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'Throwing' umpire on sick leave

Ross Emerson, the umpire at the centre of the bitter controversy over Sri Lankan bowler Muttiah Muralitharan's action, has been off work for several weeks with what is believed to be a stress-related illness, it was reported here Tuesday.

His Perth employer, the ministry of fair trading, confirmed Emerson, 44, had not been at work for a number of weeks and had applied for worker compensation entitlements, the West Australian reported.

But the report quoted a ministry spokesman as saying Emerson's doctor believed that officiating in cricket matches was still within his capability

Emerson, originally from Sydney, New South Wales, has been living and working in Perth for about 10 years. He is a former policeman whose wife, Denise, is the sister of now retired Australian fast bowler Terry Alderman.

Emerson called off-spinner Muralitharan for throwing in the one-day match against England in Adelaide Saturday.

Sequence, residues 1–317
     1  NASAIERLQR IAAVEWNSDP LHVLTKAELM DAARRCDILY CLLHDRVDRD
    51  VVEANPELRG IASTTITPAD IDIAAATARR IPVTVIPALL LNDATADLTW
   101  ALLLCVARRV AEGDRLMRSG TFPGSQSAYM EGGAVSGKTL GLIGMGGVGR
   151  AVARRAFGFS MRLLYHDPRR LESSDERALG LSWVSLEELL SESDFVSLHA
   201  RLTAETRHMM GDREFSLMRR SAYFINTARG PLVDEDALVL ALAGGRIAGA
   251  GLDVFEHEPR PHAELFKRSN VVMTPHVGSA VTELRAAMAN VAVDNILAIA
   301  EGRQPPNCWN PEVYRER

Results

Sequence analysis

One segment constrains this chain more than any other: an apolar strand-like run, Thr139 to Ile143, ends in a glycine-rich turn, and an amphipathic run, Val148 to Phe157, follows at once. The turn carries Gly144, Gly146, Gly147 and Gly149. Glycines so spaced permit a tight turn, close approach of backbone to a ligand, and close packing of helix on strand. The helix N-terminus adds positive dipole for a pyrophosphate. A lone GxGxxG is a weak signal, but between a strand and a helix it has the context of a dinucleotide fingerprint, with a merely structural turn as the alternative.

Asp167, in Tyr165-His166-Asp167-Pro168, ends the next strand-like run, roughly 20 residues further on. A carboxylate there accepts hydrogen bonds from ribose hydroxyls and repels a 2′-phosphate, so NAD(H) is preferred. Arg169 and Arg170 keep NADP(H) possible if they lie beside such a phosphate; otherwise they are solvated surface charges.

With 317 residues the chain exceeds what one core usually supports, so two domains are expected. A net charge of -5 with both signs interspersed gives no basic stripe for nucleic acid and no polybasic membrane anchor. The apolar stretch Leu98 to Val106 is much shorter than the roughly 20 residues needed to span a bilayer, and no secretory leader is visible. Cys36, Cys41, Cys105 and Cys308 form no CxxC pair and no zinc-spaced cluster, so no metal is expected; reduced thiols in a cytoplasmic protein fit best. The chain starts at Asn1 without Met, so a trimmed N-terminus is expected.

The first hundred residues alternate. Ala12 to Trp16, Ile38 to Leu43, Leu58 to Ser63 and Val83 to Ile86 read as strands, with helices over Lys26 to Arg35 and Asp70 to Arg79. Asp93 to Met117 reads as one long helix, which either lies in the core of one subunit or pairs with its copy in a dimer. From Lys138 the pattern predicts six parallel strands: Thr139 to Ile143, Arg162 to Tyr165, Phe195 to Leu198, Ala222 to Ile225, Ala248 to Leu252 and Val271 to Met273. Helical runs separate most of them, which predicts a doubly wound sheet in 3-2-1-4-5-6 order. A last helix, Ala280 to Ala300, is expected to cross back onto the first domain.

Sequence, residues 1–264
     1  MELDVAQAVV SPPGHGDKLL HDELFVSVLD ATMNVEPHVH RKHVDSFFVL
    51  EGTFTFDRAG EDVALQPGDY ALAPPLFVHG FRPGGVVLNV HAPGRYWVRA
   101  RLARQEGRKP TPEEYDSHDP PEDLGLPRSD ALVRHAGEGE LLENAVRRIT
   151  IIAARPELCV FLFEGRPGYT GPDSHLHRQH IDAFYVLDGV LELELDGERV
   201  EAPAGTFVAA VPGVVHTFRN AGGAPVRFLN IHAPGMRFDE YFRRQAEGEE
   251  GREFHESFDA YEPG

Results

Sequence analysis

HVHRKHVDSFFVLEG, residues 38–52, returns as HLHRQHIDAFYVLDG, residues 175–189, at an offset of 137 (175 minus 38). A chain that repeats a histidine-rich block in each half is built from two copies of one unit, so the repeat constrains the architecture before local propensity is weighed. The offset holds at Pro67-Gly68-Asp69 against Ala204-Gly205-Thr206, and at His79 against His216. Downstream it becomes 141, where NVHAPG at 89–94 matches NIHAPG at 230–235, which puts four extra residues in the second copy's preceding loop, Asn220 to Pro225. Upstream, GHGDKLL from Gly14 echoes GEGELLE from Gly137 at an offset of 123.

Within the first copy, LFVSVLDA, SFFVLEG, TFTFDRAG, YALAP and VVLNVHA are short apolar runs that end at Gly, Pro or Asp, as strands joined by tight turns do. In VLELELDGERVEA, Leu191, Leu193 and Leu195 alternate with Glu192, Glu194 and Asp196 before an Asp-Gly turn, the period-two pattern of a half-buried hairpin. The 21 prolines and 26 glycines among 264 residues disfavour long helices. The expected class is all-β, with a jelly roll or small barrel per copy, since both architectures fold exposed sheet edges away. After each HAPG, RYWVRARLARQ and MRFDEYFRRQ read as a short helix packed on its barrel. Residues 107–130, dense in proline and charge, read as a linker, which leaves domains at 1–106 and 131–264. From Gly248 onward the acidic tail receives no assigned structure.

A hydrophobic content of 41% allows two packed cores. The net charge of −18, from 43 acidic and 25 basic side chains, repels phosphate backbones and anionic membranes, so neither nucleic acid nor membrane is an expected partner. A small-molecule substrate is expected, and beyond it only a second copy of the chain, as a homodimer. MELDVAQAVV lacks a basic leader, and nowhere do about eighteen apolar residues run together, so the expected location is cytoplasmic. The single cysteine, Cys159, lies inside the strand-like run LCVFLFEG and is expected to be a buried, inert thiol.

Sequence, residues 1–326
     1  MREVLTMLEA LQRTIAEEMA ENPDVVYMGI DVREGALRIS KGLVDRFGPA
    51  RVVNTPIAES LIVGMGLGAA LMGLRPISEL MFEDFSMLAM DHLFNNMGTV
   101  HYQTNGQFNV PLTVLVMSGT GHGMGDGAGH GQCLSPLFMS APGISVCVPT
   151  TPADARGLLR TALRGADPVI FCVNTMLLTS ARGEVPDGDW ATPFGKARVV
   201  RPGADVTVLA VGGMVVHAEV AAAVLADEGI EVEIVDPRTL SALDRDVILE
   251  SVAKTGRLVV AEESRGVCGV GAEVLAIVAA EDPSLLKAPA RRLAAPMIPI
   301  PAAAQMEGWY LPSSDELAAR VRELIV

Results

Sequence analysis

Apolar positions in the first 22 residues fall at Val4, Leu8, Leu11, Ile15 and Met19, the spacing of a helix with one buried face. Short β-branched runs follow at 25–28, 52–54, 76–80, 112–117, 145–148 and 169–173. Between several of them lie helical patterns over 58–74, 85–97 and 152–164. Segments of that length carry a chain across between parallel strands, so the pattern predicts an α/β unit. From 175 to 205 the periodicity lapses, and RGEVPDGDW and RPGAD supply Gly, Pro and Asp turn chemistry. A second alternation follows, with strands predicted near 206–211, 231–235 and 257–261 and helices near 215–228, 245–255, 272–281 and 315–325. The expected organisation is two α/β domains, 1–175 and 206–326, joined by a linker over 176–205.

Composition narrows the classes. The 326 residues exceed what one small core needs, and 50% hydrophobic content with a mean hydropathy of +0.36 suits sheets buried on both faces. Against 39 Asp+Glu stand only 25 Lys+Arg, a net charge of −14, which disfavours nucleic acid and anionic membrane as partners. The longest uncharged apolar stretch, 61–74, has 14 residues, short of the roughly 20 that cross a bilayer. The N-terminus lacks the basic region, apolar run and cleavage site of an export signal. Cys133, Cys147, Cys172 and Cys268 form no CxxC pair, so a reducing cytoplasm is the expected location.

The paper said Emerson had refused to comment when approached at his Adelaide Hotel.

"I don't comment on personal matters to anybody," Emerson was quoted as saying.

The Australian Cricket Board also declined to comment.

The report said the chief executive of the ministry of fair trading, Pat Walker, had declined to comment on the nature of Emerson's illness, but confirmed that Emerson had filed an application for workers' compensation.

Walker said: "Emerson's doctor, while indicating that he is not able to work, has indicated that he believes that cricketing umpiring is within his present capabilities."

Emerson is listed to umpire in the England-Sri Lanka match at the WACA Ground in Perth Friday.

He has remained in Adelaide for a disciplinary hearing relating to Sri Lankan captain Arjuna Ranatunga, who argued heatedly with Emerson after Saturday's no-balling of Muralitharan.

Play was held up for about 12 minutes as Ranatunga led his players to the edge of the field.

The hearing, scheduled for Tuesday, has now been delayed to a date to be determined.

Emerson and fellow umpire Tony McQuillan have charged Ranatunga with conduct unbecoming of an international player, showing dissent, intimidating an umpire and using abusive language.

Sri Lankan Cricket Board president Thilanga Sumathipala has said there could be further tense scenes in Friday's match.

Source :: AFP